I guess Netflix recommended Doll Face (1945) because I had watched Brewster's Millions: Dennis O'Keefe is male lead in both. I would have gotten to it sooner or later - It was based on a play written by Gypsy Rose Lee! Just like Lady of Burlesque, except with Vivian Blaine instead of Barbara Stanwyck.
So, Blaine is a top dancer in the burly-Q but she wants to go legit. When she is turned down by the hottest producer in town, her manager and boyfriend O'Keefe gets the idea that she should write a literary biography - and get a snooty author to ghost write it. The snooty author, Stephen Dune, isn't interested until he gets a look at Doll Face.
Bet you can figure it out from there - Blaine enjoys having someone smart, rich and smooth pay attention to her. O'Keefe gets jealous, they fight and split up. The sweet thing is that they are really for each other the whole time. This isn't Born Yesterday where the smooth guy gets the girl.
A less sweet thing is the misogyny and symbolic violence against women. Blaine always forgets their little good-luck routine before she goes on stage - a kick in the butt from O'Keefe - and he always reminds her. It's a gentle kick, but she never looks like she enjoys the gag. O'Keefe also recommends that his songwriter should beat the girl he is interested in. Well, I guess burly-Q isn't as feminist as I always figured.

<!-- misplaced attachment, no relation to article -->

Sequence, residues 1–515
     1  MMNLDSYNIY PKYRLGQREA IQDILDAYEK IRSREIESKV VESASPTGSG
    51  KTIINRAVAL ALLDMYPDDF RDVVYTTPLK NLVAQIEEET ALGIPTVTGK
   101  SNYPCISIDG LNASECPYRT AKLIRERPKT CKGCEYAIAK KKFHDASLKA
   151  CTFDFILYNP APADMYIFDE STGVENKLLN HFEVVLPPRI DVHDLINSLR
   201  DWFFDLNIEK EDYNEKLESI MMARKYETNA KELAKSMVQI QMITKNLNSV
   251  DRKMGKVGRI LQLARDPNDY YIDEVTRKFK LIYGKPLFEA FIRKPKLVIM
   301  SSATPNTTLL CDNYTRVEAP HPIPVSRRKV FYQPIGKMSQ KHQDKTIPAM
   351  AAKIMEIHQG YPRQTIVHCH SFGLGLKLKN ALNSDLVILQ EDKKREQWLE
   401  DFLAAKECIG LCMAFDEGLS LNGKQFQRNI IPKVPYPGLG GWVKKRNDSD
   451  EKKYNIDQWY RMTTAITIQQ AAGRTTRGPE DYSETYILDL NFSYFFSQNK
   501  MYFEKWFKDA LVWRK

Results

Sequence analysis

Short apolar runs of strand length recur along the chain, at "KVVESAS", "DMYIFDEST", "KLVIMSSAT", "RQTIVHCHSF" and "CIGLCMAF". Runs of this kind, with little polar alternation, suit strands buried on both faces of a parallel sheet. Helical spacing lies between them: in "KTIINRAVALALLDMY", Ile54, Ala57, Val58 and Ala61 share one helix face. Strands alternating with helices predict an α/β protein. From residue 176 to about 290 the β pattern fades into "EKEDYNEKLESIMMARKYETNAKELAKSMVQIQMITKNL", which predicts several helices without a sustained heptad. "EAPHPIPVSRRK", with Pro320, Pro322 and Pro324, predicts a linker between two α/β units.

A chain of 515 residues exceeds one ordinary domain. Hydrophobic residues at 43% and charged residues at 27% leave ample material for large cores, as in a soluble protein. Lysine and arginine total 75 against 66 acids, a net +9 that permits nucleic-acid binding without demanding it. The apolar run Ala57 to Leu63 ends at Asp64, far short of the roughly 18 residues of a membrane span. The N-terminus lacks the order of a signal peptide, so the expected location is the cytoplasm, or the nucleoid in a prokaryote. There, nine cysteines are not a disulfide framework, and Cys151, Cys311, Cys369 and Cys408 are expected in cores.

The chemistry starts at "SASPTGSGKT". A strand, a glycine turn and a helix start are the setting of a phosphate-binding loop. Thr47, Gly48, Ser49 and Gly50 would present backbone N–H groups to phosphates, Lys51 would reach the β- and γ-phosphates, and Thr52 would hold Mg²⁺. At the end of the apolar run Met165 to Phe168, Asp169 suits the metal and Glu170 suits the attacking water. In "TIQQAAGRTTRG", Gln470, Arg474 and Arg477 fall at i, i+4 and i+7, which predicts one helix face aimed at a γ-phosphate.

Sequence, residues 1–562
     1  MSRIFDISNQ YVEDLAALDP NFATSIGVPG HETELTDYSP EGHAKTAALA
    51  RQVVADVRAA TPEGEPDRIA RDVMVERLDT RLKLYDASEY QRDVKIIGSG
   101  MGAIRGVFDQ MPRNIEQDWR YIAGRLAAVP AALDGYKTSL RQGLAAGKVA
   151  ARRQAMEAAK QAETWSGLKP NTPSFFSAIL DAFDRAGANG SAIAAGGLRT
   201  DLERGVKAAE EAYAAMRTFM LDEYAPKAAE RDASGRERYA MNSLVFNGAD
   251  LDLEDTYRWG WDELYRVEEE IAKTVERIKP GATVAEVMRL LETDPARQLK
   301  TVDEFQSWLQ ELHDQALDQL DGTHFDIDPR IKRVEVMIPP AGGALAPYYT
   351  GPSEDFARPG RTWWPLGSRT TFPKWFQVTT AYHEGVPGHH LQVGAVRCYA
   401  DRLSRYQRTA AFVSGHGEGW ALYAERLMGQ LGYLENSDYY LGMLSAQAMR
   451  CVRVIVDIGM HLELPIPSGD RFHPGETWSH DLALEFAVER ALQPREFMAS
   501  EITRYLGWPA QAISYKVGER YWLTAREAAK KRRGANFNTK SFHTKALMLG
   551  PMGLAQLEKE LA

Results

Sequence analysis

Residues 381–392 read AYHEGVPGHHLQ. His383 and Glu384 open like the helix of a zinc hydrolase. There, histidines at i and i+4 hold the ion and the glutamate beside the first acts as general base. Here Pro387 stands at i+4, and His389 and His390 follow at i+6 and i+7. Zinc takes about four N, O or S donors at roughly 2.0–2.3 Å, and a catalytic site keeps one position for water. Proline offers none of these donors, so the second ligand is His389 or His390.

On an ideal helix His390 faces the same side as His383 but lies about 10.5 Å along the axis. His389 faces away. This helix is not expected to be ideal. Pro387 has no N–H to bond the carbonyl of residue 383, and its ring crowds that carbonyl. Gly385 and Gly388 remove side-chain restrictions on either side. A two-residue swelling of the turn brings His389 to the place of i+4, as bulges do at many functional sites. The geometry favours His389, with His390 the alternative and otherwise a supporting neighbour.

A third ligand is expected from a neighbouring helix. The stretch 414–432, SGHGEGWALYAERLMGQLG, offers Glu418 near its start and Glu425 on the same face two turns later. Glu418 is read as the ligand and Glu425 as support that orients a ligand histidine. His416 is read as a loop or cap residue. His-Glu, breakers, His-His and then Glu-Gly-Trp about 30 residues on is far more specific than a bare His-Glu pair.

By the way, that songwriter is played by Perry Como. I've heard about his laid-back performance style, but he literally curls on a bench and falls asleep in the middle of his song.
The other musical star in the movie is Carmen Miranda. She has one weak song but several good lines. Maybe the best thing in the movie.
Or possibly the best part is that Gypsy Rose Lee really did have a ghost writer for this play (probably), so it kind of swallows it's own tail.
In conclusion: No stripping at all.